Wednesday, December 2, 2015

10 Things That Steal Our Writing Joy

by Edie Melson @EdieMelson


I’m a member of several writing groups, and I’m always amazed at the different reactions people have to similar situations. For instance, one writer might leave a critique session in tears, questioning whether or not the call to write was real. Another writer might have just as challenging a critique and leave energized because she now has the insight she needs to improve.

I’ve begun paying attention to the way the writers I respect handle this writing life. I’ve noticed that even though life gets hard at times, they never lose their writing joy. I’m trying to take deliberate steps to guard my joy of writing and not let things and/or people steal it from me. Today I’d like to share what I’ve discovered with you.
Things That Steal Our Writing Joy
1. Being a One Way Writer. By this I mean that we’re only happy when things turn out one way. We want things a certain way and in a certain time-frame. Truthfully, it’s the writers who are flexible that retain their joy in this business.

2. Being Unwilling to Let Go of Expectations. This one word can derail us for months, or even years, if we let it. It’s fine to make plans, but we can’t hang our hope—or our joy—on expectations.

Not learning to roll with punches.
3. Not Learning to Roll with the Punches. Hard times will come in this business. Landing a book deal and/or an agent is tough, and rarely happens quickly. When we have those two things, life can still blindside us. Contracts are cancelled, editors and agents move on without us. We’ve got to pick ourselves up and get back to writing, no matter what happens.

4. Always Looking Backward. If we dwell on the way things used to be in publishing, we’ll always be miserable. Not because things were always better, but because we think we remember them being better. Whether they were or weren’t really isn’t the point. What we need to do is learn what we can from the past and then keep our eyes firmly forward.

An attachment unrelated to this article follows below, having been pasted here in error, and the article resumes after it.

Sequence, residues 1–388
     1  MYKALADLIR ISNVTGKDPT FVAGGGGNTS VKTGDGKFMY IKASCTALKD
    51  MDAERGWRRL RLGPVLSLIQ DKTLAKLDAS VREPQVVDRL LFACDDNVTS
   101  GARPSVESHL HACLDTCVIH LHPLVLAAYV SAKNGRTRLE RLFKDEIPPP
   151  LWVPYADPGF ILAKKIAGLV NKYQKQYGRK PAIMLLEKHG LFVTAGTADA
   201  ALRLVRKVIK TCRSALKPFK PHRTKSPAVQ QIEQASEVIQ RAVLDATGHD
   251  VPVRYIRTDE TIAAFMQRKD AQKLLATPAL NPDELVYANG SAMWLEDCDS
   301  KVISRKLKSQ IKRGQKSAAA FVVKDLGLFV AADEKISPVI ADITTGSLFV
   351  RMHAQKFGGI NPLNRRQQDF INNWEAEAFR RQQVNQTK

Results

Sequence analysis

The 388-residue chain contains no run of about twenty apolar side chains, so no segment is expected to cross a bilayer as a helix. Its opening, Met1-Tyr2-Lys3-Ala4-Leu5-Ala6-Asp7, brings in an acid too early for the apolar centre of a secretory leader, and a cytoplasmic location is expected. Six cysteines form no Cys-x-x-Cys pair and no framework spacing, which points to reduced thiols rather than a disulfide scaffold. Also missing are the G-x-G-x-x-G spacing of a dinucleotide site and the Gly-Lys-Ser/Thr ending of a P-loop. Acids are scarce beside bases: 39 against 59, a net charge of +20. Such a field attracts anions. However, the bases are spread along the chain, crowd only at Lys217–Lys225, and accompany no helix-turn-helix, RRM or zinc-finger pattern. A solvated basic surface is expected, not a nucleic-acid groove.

5. Chasing Trends. It’s tempting to tailor what we’re writing to what’s currently popular with publishers. But that’s a dead end road. There’s always something new, and it’s just not possible to pull out a crystal ball and write to what’s going to be hot when it hit the market. A wise writer  gave me some advice I’ve never regretted following. “Write your passion. Don’t settle. Write what you love.” KristenHeitzmann

Listening to the negative voices.
6. Listening to the Negative Voices. There are two types of negative voices—the ones that live in your head and the ones belonging to those around us. I believe it’s the ones inside us that are the most dangerous. For one thing, they’re much more brazen. They say things that we’d never speak out loud. But if we let others also talk us out of following our dreams, they can be dangerous too. Take constructive criticism, but don’t let the negative words bring you down.

7. Giving in to Fear. No matter how much we achieve as writers, we’re still fearful. We’re afraid of failure, of ridicule, even of success. But those writers who keep their joy are the ones who continue on in spite of the fear. They even get stronger because of the fear they overcome.

8. Perfectionism. We want to strive for our very best. But we need to understand that perfection is out of our grasp. Perfectionism can keep us from submitting our work for publication, and it can even keep us from writing. Aim high and always keep learning, but be willing accept the best you can do.

9. Not Writing. I truly believe that if our purpose in life is writing, and we don't make time to write, we'll be miserable. I know so many people who want to write, know they're called to write, and yet let everything else squeeze out the time to write. They are some of the most stressed out folks you'll ever see. 

10. Forgetting the Reason You Started Writing in the First Place. We can get so caught up in the chase, that we forget why we entered the race. For me, God made me a writer. I process life through words. When I hit hard times and good times, one of my first actions is to record it, process it, and cope with it through writing. When I return to that, no matter what else is going on, everything falls into place.

These are the things I’ve found that steal our writing joy. What would you add?

Don’t forget to join the conversation!
Blessings,
Edie

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22 comments: